Topics & Questions for Discussion 

1. What is the first word that comes to your mind when you think of Psalm 23? What has this psalm meant to you in your life? Has there been a specific season of your life when it had special significance? If so, describe.
2. Have you ever owned sheep or known someone who did? Based on your own experience or the reflections of the author, what words would you use to describe sheep? In what ways do you relate to qualities of sheep as a child of God?
3. In the introduction, the author recounts the story of Maurice Pink’s encounter with Psalm 23 as he treaded water in the South China Sea. Pink says: “There are times in your life when things don’t go right and you feel all alone.” (p. 13) Has there been a time in your life when you felt all alone? Was there a scripture passage that you clung to in the midst of that season? If so, how did it influence your state of mind/well-being?
4. What is your favorite section of Psalm 23 and why? When you read the author’s reflections on that section of the psalm, were there any new insights or encouragements you received?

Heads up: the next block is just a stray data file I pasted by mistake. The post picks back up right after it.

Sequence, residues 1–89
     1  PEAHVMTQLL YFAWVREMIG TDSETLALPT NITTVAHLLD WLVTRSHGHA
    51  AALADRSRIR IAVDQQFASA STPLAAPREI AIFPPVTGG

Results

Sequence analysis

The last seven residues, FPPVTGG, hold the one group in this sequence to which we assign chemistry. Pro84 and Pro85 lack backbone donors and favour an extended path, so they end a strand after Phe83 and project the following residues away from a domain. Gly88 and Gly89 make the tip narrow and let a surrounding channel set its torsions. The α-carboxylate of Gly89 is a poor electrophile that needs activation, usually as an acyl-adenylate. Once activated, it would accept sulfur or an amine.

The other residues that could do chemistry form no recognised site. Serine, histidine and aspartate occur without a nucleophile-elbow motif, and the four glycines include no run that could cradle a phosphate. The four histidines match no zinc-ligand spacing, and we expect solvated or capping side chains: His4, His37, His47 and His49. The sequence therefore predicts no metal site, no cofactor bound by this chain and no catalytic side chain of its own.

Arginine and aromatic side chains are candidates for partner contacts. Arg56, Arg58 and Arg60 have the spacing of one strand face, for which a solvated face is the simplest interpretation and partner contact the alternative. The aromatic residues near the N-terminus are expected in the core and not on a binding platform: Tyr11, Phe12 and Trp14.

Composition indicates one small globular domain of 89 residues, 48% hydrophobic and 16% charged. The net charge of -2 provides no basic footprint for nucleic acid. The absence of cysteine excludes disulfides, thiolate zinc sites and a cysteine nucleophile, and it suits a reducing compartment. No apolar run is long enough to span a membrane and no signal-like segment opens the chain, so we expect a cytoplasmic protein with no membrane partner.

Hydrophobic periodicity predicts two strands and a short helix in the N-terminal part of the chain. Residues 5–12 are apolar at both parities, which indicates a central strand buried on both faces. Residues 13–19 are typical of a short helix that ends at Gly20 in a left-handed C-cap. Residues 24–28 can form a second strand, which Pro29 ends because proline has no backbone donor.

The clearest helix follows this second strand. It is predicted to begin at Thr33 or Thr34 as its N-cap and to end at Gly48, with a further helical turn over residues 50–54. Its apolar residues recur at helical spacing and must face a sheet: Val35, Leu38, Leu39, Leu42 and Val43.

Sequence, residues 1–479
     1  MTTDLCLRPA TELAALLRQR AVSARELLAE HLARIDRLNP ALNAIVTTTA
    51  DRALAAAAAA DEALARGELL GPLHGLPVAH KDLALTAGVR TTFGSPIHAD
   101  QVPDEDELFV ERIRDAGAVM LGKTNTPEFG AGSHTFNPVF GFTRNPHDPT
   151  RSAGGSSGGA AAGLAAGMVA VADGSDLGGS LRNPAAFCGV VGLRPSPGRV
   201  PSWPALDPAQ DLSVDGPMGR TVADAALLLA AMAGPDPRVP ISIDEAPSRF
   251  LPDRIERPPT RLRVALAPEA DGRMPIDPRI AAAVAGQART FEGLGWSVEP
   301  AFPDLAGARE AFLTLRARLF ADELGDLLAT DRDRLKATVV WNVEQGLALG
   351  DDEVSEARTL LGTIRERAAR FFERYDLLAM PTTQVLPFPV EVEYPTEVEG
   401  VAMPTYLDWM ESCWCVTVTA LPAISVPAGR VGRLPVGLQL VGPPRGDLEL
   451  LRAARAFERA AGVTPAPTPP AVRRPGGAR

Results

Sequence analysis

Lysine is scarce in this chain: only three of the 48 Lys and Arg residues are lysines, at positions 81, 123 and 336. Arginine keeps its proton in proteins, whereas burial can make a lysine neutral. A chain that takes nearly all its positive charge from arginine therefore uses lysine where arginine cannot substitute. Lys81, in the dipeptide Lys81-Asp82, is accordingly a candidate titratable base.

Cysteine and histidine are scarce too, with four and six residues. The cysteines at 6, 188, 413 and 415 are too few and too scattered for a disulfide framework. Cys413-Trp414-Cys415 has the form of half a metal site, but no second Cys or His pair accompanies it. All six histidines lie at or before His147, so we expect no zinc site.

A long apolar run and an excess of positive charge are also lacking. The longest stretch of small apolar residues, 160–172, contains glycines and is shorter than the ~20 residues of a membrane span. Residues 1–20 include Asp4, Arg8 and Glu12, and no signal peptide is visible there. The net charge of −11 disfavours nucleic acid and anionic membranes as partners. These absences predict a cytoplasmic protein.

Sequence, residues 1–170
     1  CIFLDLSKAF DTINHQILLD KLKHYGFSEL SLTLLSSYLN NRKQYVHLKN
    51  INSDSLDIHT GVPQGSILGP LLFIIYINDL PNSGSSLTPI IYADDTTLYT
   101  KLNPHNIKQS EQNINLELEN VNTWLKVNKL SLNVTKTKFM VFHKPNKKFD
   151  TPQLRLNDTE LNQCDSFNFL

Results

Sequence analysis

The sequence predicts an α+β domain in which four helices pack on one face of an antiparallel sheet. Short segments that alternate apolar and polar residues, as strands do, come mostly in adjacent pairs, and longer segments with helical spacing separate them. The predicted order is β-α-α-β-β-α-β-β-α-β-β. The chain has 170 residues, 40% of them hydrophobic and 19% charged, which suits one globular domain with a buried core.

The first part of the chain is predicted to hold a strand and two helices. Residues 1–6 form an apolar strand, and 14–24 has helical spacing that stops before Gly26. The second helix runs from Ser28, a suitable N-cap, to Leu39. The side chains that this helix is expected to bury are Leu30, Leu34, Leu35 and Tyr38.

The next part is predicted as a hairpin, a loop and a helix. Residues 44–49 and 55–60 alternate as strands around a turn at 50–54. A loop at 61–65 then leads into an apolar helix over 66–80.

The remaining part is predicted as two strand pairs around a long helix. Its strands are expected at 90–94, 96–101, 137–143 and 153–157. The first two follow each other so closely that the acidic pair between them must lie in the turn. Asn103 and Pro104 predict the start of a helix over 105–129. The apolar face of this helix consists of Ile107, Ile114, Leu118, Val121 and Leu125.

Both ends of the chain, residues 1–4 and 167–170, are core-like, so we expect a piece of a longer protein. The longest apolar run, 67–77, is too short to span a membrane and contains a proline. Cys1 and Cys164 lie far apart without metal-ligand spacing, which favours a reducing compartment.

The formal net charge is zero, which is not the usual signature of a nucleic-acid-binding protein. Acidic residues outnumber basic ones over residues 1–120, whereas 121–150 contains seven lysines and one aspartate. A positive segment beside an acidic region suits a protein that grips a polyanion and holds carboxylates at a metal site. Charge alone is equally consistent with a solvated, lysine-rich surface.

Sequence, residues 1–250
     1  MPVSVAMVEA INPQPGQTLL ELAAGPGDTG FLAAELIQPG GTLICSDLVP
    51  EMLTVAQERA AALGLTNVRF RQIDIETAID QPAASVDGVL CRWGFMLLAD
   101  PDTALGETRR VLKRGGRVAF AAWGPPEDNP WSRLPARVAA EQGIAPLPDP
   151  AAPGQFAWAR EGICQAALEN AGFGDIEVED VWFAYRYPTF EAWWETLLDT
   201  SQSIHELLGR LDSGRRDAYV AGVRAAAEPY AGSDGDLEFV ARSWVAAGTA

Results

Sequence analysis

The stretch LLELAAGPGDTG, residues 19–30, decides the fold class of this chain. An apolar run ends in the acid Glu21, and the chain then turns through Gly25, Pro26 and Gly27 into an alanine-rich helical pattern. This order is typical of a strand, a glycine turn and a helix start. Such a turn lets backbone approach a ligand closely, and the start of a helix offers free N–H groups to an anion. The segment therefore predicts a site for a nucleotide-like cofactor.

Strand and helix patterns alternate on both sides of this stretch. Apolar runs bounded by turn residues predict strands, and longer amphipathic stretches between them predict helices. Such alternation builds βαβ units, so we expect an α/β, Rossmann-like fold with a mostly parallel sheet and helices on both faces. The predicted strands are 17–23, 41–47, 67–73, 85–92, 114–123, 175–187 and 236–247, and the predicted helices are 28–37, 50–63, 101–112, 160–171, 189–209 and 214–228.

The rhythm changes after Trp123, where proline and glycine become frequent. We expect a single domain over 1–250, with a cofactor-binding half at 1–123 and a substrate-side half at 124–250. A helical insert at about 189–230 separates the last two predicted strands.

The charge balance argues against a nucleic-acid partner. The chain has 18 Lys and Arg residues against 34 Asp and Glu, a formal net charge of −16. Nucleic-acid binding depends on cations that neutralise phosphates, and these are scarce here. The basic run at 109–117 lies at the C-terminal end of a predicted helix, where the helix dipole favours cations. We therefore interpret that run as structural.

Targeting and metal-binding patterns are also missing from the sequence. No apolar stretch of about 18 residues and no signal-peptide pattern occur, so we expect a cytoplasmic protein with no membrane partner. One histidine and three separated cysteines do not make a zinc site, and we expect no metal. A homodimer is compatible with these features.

5. On page 47, the author quotes the Living Bible’s paraphrase of the first verse of Psalm 23: “Because the Lord is my Shepherd, I have everything I need.” What is your response to this verse? How does it encourage or challenge you?
6. What is your first instinct when you face seemingly overwhelming need, either in your own life or in the world around you? On pp. 63-65, the author relays two stories in which needs were miraculously provided. What is your response to these stories? Has reading this book impacted how you respond to the needs in your life?
7. One of the observations the author makes about sheep is that they don’t run very much and that they prefer a tranquil life. Do you prefer busyness or tranquility? What is it like for you to spend time alone with God or to be still? When you read the verse, “He makes me lie down in green pastures, He leads me beside still waters,” what do you find yourself wanting?
8. In chapter 5, the author describes God’s restoration of our souls from sin, stress and sorrow. Which one of these weighs most heavily on you right now? How did the reflections of this chapter speak to your specific burden?